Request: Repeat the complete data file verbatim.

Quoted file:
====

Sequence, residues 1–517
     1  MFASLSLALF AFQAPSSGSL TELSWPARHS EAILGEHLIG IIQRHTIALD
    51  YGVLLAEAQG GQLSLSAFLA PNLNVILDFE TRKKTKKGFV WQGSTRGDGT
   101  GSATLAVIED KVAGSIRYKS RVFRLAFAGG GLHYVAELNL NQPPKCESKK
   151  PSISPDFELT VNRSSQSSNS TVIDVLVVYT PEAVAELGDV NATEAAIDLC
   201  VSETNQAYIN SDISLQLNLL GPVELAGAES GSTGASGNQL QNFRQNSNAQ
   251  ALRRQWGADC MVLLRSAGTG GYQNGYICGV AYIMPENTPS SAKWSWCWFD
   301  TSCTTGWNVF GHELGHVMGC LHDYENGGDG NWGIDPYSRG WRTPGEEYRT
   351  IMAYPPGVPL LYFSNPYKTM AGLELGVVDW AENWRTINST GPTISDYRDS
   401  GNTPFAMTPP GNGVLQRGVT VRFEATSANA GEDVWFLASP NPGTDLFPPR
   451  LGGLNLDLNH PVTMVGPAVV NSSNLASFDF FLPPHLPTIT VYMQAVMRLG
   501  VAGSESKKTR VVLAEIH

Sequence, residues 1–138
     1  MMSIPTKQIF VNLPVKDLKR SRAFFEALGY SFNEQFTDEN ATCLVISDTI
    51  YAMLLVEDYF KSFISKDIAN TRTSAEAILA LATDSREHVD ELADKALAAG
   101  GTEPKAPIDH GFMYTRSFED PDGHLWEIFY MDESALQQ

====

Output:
Sequence, residues 1–517
     1  MFASLSLALF AFQAPSSGSL TELSWPARHS EAILGEHLIG IIQRHTIALD
    51  YGVLLAEAQG GQLSLSAFLA PNLNVILDFE TRKKTKKGFV WQGSTRGDGT
   101  GSATLAVIED KVAGSIRYKS RVFRLAFAGG GLHYVAELNL NQPPKCESKK
   151  PSISPDFELT VNRSSQSSNS TVIDVLVVYT PEAVAELGDV NATEAAIDLC
   201  VSETNQAYIN SDISLQLNLL GPVELAGAES GSTGASGNQL QNFRQNSNAQ
   251  ALRRQWGADC MVLLRSAGTG GYQNGYICGV AYIMPENTPS SAKWSWCWFD
   301  TSCTTGWNVF GHELGHVMGC LHDYENGGDG NWGIDPYSRG WRTPGEEYRT
   351  IMAYPPGVPL LYFSNPYKTM AGLELGVVDW AENWRTINST GPTISDYRDS
   401  GNTPFAMTPP GNGVLQRGVT VRFEATSANA GEDVWFLASP NPGTDLFPPR
   451  LGGLNLDLNH PVTMVGPAVV NSSNLASFDF FLPPHLPTIT VYMQAVMRLG
   501  VAGSESKKTR VVLAEIH

Sequence, residues 1–138
     1  MMSIPTKQIF VNLPVKDLKR SRAFFEALGY SFNEQFTDEN ATCLVISDTI
    51  YAMLLVEDYF KSFISKDIAN TRTSAEAILA LATDSREHVD ELADKALAAG
   101  GTEPKAPIDH GFMYTRSFED PDGHLWEIFY MDESALQQ